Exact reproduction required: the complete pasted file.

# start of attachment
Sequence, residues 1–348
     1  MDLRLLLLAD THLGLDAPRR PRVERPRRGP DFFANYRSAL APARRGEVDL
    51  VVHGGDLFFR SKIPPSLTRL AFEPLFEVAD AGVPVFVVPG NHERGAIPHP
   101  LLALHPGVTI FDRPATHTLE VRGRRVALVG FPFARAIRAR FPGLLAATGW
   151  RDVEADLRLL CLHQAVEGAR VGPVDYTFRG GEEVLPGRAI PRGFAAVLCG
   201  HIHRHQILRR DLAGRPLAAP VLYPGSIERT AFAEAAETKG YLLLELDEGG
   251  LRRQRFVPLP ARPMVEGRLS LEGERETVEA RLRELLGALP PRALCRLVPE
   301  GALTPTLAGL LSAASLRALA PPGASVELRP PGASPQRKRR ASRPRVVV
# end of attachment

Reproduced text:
Sequence, residues 1–348
     1  MDLRLLLLAD THLGLDAPRR PRVERPRRGP DFFANYRSAL APARRGEVDL
    51  VVHGGDLFFR SKIPPSLTRL AFEPLFEVAD AGVPVFVVPG NHERGAIPHP
   101  LLALHPGVTI FDRPATHTLE VRGRRVALVG FPFARAIRAR FPGLLAATGW
   151  RDVEADLRLL CLHQAVEGAR VGPVDYTFRG GEEVLPGRAI PRGFAAVLCG
   201  HIHRHQILRR DLAGRPLAAP VLYPGSIERT AFAEAAETKG YLLLELDEGG
   251  LRRQRFVPLP ARPMVEGRLS LEGERETVEA RLRELLGALP PRALCRLVPE
   301  GALTPTLAGL LSAASLRALA PPGASVELRP PGASPQRKRR ASRPRVVV